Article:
Options for fixed-site blood donations shrink in Alexandria as need increases

Options for fixed-site blood donations shrink in Alexandria as need increases
Photo/Sarah Taylor Alexandria Legislative Director Sarah Taylor has been donating blood since she was a child but found a new understanding of its importance when a blood infusion saved her life after losing three quarters of her blood during a miscarriage in 2013.

By Cody Mello-Klein | cmelloklein@alextimes.com

One night in 2013, Sarah Taylor, the city’s legislative director, woke up in the middle of the night in a pool of blood with little sense of how dire the situation was.

Only later, after being rushed to the hospital and losing almost three quarters of her blood, did Taylor learn she was unknowingly pregnant and had suffered a miscarriage. Taylor recalled sitting in the ambulance as it pulled over on the side of Interstate 240, skating the edge of consciousness.

“I remember sitting on the side of the road thinking, ‘I am about to die,’” Taylor said. “I was just planning my kid’s first birthday party, and I’m going to die here on the side of the road on I-240.”

Taylor survived the incident after receiving seven to eight units of transfused blood and has since become a vocal advocate for blood donations.

“I had surgery and survived to tell the tale, but that donor literally is what saved my life and made it so a couple weeks later we had my son’s first birthday party, a couple years later, [we] had our daughter,” Taylor said. “ … It’s what saved my life; it’s what saved my family.”

Despite the importance of donated blood, and a recent crisis during which the Red Cross pleaded for more donors, there is currently no fixed location in Alexandria where residents can donate blood. The Red Cross previously operated an office at 123 N. Alfred St., but shut down the site last year.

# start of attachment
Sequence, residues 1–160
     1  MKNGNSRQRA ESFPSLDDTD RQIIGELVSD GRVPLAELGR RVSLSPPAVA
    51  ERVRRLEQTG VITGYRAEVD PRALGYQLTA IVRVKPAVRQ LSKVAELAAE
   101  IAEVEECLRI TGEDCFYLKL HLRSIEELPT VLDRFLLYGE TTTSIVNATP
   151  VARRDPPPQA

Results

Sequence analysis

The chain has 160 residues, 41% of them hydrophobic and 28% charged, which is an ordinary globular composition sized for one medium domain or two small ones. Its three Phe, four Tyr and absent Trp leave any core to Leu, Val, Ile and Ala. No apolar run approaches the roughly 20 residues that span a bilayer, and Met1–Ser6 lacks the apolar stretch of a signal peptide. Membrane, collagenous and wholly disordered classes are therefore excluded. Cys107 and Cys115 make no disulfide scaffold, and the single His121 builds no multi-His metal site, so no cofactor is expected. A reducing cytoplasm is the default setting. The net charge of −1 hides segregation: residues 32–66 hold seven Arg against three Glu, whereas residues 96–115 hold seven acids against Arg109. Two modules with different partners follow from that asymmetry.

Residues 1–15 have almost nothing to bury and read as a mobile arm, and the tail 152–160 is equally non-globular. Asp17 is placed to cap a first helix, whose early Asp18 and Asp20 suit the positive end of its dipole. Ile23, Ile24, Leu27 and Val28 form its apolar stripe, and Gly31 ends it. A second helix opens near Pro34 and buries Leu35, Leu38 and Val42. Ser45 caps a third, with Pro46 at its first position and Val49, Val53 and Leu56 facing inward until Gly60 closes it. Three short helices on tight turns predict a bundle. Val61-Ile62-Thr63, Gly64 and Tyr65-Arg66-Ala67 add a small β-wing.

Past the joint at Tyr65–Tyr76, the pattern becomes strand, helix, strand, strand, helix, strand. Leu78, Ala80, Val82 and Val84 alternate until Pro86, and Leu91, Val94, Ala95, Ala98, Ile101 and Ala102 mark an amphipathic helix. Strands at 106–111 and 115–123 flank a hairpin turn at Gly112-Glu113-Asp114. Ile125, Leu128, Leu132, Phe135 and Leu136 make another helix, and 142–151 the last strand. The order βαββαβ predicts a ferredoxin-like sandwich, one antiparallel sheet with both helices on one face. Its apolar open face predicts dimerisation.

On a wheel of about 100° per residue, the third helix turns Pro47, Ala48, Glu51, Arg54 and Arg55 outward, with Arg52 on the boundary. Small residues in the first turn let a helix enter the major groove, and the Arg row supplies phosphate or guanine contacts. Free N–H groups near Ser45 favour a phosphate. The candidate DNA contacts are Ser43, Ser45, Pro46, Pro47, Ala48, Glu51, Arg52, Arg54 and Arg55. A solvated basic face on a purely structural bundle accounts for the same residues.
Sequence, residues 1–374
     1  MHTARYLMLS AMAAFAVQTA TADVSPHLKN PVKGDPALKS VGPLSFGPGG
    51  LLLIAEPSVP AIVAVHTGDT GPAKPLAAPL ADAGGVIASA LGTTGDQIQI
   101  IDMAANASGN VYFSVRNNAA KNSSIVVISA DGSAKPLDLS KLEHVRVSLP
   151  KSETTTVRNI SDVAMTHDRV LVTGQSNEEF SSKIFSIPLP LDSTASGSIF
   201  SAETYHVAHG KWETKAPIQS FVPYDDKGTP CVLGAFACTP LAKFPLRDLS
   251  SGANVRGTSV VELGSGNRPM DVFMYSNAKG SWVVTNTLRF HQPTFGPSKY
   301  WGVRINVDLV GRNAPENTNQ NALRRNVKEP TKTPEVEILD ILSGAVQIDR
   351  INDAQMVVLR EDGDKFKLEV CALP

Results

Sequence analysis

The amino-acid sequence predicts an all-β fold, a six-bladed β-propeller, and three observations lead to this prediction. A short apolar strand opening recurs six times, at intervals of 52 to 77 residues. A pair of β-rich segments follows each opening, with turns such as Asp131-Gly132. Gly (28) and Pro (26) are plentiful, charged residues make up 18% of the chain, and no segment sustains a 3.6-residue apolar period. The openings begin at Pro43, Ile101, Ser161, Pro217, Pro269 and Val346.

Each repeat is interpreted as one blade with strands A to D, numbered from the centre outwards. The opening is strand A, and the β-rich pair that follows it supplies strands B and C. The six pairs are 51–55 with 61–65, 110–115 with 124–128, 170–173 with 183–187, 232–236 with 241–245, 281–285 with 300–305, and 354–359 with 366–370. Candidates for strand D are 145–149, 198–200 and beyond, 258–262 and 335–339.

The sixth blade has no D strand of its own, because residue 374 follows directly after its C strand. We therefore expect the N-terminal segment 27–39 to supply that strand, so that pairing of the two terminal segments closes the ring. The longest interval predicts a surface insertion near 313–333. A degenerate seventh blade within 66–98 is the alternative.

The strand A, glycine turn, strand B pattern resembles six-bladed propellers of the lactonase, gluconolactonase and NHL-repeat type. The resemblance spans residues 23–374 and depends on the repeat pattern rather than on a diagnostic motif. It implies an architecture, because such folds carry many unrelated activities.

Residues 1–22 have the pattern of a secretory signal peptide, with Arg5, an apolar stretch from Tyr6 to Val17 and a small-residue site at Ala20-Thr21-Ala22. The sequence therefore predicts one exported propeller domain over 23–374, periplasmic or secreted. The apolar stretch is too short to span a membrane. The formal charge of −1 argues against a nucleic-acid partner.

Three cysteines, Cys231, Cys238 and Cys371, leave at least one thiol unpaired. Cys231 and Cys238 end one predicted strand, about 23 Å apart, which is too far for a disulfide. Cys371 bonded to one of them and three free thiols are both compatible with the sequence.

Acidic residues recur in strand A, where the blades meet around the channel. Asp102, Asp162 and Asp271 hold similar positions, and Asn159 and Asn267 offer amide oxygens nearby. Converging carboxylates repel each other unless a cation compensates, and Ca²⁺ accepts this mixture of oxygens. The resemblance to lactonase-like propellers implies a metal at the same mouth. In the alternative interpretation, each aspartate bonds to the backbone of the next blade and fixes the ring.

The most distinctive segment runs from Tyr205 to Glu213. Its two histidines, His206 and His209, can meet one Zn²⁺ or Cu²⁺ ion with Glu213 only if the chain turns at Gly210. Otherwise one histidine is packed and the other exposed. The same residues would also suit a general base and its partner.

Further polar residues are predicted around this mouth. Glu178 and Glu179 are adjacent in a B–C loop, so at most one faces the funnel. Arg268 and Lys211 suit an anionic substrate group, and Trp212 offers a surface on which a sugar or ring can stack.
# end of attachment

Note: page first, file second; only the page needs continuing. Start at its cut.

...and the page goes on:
“The Red Cross often holds open-to-the-public mobile blood drives several times a week at various humanitarian services office locations across the DMV. This was the case at 123 [N.] Alfred St. in Alexandria, VA – until September 2021, when the facility became over-sized for our needs,” Ashley Henyan, communications director of the Red Cross’ National Capital and Greater Chesapeake Region, said in an email.

Resident Rod Kukro, who has been donating blood for about 40 years, said he gave at the Alexandria Red Cross site regularly and is concerned about the implications of its closure.

“A city of this size should have some place you’d think that people could go because it’s an altruistic thing, right?” Kukro said. “… The universe of people who do it is pretty small, and now a lot of those people may fall off the radar or decide it’s not worth the hassle to drive out to Centreville, Virginia to do something that used to be fairly convenient in the city.”

The need for blood donations remains high, so Alexandria’s lack of an ongoing donation facility is particularly puzzling. According to the Red Cross, someone in the U.S. needs blood every two seconds. Although the Red Cross was able to collect enough supply over the last few months to abate the national blood crisis it announced in January, the organization has experienced a 10% decline in the number of people donating blood nationally since the beginning of the COVID-19 pandemic in March 2020.

Inova Health System, which operates Alexandria Hospital, has experienced a similar decline in donor numbers. Kukro said he previously donated blood at Alexandria Hospital, but that ongoing donations ceased at that site about 10 years ago. Currently the only ongoing Inova sites where donors can sign up and give blood are in Annandale, Sterling and Centreville.

According to Kevin Giambi, marketing manager for Inova’s blood donor services, Inova has had to become more engaged in educating people about the value of donating blood.